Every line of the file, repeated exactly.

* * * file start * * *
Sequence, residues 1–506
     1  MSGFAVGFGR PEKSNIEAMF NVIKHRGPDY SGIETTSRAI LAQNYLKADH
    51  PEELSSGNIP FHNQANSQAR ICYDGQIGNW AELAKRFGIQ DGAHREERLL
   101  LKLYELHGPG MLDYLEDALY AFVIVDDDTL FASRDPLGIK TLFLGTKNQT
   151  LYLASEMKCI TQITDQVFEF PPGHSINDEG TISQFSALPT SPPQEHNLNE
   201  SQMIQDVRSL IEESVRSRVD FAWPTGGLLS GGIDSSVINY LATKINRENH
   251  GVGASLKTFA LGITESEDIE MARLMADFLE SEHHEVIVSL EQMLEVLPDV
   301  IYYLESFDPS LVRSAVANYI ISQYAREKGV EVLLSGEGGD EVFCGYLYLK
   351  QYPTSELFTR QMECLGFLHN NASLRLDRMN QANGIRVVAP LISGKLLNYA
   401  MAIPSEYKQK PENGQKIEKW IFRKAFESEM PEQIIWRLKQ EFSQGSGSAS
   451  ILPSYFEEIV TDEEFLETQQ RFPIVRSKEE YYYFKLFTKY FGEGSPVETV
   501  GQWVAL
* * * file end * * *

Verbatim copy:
Sequence, residues 1–506
     1  MSGFAVGFGR PEKSNIEAMF NVIKHRGPDY SGIETTSRAI LAQNYLKADH
    51  PEELSSGNIP FHNQANSQAR ICYDGQIGNW AELAKRFGIQ DGAHREERLL
   101  LKLYELHGPG MLDYLEDALY AFVIVDDDTL FASRDPLGIK TLFLGTKNQT
   151  LYLASEMKCI TQITDQVFEF PPGHSINDEG TISQFSALPT SPPQEHNLNE
   201  SQMIQDVRSL IEESVRSRVD FAWPTGGLLS GGIDSSVINY LATKINRENH
   251  GVGASLKTFA LGITESEDIE MARLMADFLE SEHHEVIVSL EQMLEVLPDV
   301  IYYLESFDPS LVRSAVANYI ISQYAREKGV EVLLSGEGGD EVFCGYLYLK
   351  QYPTSELFTR QMECLGFLHN NASLRLDRMN QANGIRVVAP LISGKLLNYA
   401  MAIPSEYKQK PENGQKIEKW IFRKAFESEM PEQIIWRLKQ EFSQGSGSAS
   451  ILPSYFEEIV TDEEFLETQQ RFPIVRSKEE YYYFKLFTKY FGEGSPVETV
   501  GQWVAL